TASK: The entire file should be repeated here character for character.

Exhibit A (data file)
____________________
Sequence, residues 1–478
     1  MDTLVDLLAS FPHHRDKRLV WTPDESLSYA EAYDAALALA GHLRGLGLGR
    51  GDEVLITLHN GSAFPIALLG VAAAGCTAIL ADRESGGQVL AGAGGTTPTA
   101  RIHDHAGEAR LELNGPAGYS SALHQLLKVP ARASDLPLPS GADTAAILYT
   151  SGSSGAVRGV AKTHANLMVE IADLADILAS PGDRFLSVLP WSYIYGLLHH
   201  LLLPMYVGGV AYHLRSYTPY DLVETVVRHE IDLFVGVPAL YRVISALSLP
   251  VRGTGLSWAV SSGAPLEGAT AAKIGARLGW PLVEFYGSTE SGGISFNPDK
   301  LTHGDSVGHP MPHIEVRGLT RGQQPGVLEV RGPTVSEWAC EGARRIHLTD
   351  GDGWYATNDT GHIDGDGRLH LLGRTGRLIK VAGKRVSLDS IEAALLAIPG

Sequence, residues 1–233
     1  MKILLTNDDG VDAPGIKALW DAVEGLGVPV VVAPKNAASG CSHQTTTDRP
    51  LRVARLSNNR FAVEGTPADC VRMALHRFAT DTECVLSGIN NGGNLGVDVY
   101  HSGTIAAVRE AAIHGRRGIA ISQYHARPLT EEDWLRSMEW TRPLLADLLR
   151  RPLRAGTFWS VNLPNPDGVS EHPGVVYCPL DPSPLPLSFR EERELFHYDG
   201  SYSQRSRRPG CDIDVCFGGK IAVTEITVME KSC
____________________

Sequence, residues 1–478
     1  MDTLVDLLAS FPHHRDKRLV WTPDESLSYA EAYDAALALA GHLRGLGLGR
    51  GDEVLITLHN GSAFPIALLG VAAAGCTAIL ADRESGGQVL AGAGGTTPTA
   101  RIHDHAGEAR LELNGPAGYS SALHQLLKVP ARASDLPLPS GADTAAILYT
   151  SGSSGAVRGV AKTHANLMVE IADLADILAS PGDRFLSVLP WSYIYGLLHH
   201  LLLPMYVGGV AYHLRSYTPY DLVETVVRHE IDLFVGVPAL YRVISALSLP
   251  VRGTGLSWAV SSGAPLEGAT AAKIGARLGW PLVEFYGSTE SGGISFNPDK
   301  LTHGDSVGHP MPHIEVRGLT RGQQPGVLEV RGPTVSEWAC EGARRIHLTD
   351  GDGWYATNDT GHIDGDGRLH LLGRTGRLIK VAGKRVSLDS IEAALLAIPG

Sequence, residues 1–233
     1  MKILLTNDDG VDAPGIKALW DAVEGLGVPV VVAPKNAASG CSHQTTTDRP
    51  LRVARLSNNR FAVEGTPADC VRMALHRFAT DTECVLSGIN NGGNLGVDVY
   101  HSGTIAAVRE AAIHGRRGIA ISQYHARPLT EEDWLRSMEW TRPLLADLLR
   151  RPLRAGTFWS VNLPNPDGVS EHPGVVYCPL DPSPLPLSFR EERELFHYDG
   201  SYSQRSRRPG CDIDVCFGGK IAVTEITVME KSC